At last, our time has come. The Dalzells are moving.
Our quest for a home to rent has ended successfully. We’ll be moving into our new digs at the beginning of November. The new house is just five miles or so down the road and will give us two more bedrooms than we currently have, an entire basement, a two-car garage, and even a play set in the backyard for the wee one. And, yes, it truly is located someplace within walking distance of lots of other places. I’m happy.
I will keep reminding myself of that happiness in the coming weeks as empty boxes proliferate, then get filled, then get moved, then get emptied. It’s a process that fills me with dread. I am not someone who necessarily handles change well. I may love to travel, but I love, love, love to have a nest to come home to. Even if I’m the one who decided to fly to a new nest, I’m likely to do a lot of extra flapping along the way. And a lot less sleeping. And a whole lot of fretting. And maybe, just maybe, a bit of snapping. (Hubby is already planning ways to take cover.)
But, I feel no need to apologize for getting emotional about changing homes. At its most basic level, a home is shelter, what keeps us safe, grounded, attached. It’s the place we most want to be when we’re tired or hungry. It’s private. It’s personal. If we’re lucky, it’s where we live with the people we love. A home provides the stage for the daily dramas that accumulate into the epic show we call our lives. Sure. There are lots of other places where we spend our time. But when someone asks you where you live, you don’t tell them about your office, school or bar.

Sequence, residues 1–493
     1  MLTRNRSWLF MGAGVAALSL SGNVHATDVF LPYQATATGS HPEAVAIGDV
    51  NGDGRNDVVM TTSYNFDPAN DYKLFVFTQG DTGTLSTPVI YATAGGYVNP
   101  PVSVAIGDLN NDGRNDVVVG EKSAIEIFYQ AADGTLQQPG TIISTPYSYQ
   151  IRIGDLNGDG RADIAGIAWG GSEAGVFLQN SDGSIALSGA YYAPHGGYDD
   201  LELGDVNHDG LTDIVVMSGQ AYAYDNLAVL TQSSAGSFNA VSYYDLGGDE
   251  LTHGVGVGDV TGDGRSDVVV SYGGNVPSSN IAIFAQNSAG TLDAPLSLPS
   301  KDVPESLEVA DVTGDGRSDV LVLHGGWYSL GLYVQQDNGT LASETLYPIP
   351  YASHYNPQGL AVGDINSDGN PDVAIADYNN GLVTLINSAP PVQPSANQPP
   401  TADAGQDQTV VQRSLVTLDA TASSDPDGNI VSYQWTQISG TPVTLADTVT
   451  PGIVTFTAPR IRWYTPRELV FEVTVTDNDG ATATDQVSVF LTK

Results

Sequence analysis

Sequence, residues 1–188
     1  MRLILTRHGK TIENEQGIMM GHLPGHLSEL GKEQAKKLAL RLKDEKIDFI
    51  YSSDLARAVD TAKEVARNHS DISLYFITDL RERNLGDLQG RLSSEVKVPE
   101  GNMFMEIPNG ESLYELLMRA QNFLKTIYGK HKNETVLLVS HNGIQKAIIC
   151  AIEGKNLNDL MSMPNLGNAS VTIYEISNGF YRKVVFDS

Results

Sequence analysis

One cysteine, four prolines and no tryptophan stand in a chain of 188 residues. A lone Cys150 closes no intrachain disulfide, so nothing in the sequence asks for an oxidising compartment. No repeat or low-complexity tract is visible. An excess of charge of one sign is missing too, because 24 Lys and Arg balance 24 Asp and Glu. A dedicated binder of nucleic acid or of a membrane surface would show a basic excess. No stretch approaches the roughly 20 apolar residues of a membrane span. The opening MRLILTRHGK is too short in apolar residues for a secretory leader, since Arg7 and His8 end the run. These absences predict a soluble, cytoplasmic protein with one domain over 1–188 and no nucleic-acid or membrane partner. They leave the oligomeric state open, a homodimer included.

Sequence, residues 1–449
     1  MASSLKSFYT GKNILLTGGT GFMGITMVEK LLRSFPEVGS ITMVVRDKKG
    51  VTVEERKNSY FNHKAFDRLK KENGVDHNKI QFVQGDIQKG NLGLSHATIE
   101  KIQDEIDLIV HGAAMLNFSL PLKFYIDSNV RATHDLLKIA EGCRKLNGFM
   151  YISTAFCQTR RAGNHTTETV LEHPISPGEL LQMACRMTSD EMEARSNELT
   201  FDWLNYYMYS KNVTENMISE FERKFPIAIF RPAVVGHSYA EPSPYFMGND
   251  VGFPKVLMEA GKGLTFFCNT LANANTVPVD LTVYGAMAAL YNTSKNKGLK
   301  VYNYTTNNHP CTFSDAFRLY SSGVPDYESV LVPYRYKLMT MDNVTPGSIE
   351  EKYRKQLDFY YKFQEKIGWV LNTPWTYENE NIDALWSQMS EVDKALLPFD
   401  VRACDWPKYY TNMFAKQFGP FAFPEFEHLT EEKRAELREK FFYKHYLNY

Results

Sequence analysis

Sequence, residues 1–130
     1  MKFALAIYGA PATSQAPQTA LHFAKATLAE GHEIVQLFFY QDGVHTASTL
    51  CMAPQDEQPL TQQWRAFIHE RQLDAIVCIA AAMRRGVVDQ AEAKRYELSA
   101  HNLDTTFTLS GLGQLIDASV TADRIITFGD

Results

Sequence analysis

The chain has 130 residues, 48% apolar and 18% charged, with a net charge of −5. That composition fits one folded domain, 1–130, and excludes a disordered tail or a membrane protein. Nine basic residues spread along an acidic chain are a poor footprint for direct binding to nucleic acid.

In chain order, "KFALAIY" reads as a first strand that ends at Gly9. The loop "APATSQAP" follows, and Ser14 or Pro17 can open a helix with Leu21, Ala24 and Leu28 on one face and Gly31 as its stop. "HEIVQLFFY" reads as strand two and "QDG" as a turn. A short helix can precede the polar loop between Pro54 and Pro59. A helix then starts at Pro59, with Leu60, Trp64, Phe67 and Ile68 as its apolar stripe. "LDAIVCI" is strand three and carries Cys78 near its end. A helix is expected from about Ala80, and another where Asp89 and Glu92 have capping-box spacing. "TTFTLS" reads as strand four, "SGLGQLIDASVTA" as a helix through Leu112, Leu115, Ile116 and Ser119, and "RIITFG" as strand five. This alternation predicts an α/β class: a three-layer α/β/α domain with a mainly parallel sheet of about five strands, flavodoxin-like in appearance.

For me, leaving this apartment will mean leaving behind some very happy scenes. Most of my pregnancy was spent within these four walls. This is where my son first slept through the night and where he took his first joyful steps. This is also the home where I struggled with loneliness for eight long months, waiting for hubby to return from his deployment. Not even three years have passed since we moved in, but there’s still a lot of history here.
As a military wife, I may well be destined to call many more homes, home. With each new house, I’ll build a new life for myself and for my family. No, wait. Not quite. My life won’t start over with each new home, but it will change. And change is that pesky heckler that I don’t like very much. But if you want to move, you have to accept change. The new house has yet to lift the curtain on our next act, but here’s hoping that the show – same cast, new backdrop — is a good one.